The use of commercial drones is increasing so fast that companies are now developing counter measures.
From celebrities being photographed in their homes to criminals using it to smuggle drugs and weapons inside jails, drones raise new concerns for privacy and security.
That’s why U.S.-based company DroneShield developed a tool aimed at detecting nearby drones.
Every drone produces a unique sound when it flies – its signature. The DroneShield, a small rectangular device paired with a number of microphones, listens to ambient sounds and checks them against a database of known signatures. If there is a match – meaning a drone is detected – the device sends a text or an email to warn the user of the drone’s proximity.
Since 2011, two drones have been seen flying over Quebec jails. Three others were seized, according to documents obtained by La Presse.
While Correctional Services Canada refused to comment on any security measures implemented to counter illegal drone activity, it is looking for ways to detect drones.
“We have done demonstrations for CSC, but no purchases [have been made] yet,” confirms Brian Hearing, co-founder of DroneShield.
So far, his company has done over 150 installations across the world. The RCMP and the Vancouver International Airport also contacted him, but no purchases have been made yet.
In July of 2013, a WestJet pilot reported seeing a drone flying next to his aircraft while landing at the Vancouver International Airport. A similar incident happened to an Air Canada pilot at the same airport.
Depending on the ambient noise level and the microphones used, the device can detect drones from 150 metres up to a kilometre.
“With prisons, we have 10-12 sensors typically, so it is setup like a ‘clock,’” explains Mr. Hearing, a setup that allows to pinpoint the drones location more precisely.
His customers are largely individuals, like citizens concerned about harassment and voyeurs.
Drones may be easy to detect, but they are much more difficult to stop.
“I don’t think there is a really a solution on how to bring them down,” admits Mr. Hearing.
While his company sells net guns that can capture a drone by casting a net around it, this only works at very close range, according to Mr. Hearing.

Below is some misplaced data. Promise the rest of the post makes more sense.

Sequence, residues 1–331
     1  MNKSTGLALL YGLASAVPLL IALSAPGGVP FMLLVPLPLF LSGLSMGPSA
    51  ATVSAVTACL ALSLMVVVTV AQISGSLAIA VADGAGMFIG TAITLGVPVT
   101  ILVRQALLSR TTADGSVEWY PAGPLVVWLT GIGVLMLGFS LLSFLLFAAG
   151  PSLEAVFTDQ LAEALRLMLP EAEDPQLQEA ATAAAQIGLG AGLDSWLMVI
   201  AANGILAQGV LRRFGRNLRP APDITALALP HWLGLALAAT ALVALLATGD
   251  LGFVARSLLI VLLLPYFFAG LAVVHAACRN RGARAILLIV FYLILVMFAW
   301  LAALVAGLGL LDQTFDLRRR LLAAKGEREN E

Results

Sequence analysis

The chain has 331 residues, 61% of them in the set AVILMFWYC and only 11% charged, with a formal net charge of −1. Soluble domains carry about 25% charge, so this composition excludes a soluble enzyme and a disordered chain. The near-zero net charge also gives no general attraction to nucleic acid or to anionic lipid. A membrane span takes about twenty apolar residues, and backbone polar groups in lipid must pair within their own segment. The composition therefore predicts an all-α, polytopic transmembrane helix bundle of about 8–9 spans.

He discourages anyone from trying to shoot down a drone with a firearm, which is both illegal and ineffective given the target size.
In Canada, even if a drone trespasses on a property, the only thing that can be done legally is to call the local police force, an RCMP spokesperson confirmed.
“We believe the answer lies in prosecuting the operator,” said Mr. Hearing.
While there are effective ways to disrupt a drone, like jamming its frequencies so the pilot can’t pilot it anymore, most of methods remain illegal.
Strobing lights can be used to ruin photographer’s shots, but, again, it won’t bring the drone down.
Last April, a drone got caught in the barbed wires of a South Carolina jail. But those wires are meant to prevent helicopters break out and drones can simply drop off their package well above the wires.
In an email, Transport Canada reiterated that all Unmanned Aerial Vehicle (UAV) operators must abide by the law, writing: “If a person believes their safety is at stake, they can file a report to Transport Canada.”
DroneShield started when the Mr. Hearing’s business partner, John Franklin, used a drone to inspect his house roof and mistakenly landed it in his neighbour’s backyard.
“He could see right into their kitchen, and the neighbour didn’t know it,” said Mr. Hearing.
As both of them have a background in defence, detecting helicopters and tanks, they saw the potential for DroneShield.
The market for drone counter-measures is still relatively small. Beyond DroneShield, only two other companies sell similar products.
Domestic Drone Countermeasures, a U.S. company, manufactures a device that relies on the radio transmissions between the drone and the pilot for detection.
Paris-based Drone-detection sells a device similar to DroneShield, analyzing ambient sound to detect drones.
Mr. Hearing insists he isn’t against drones themselves.
“It’s just another technology that could be used to commit crimes,” he said.
In the end, the sky is public property, says Mr. Hearing.
Alan is serial entrepreneur, active angel investor, and a drone enthusiast. He co-founded DRONELIFE.com to address the emerging commercial market for drones and drone technology. Prior to DRONELIFE.com, Alan co-founded Where.com, ThinkingScreen Media, and Nurse.com. Recently, Alan has co-founded Crowditz.com, a leader in Equity Crowdfunding Data, Analytics, and Insights. Alan can be reached at alan(at)dronelife.com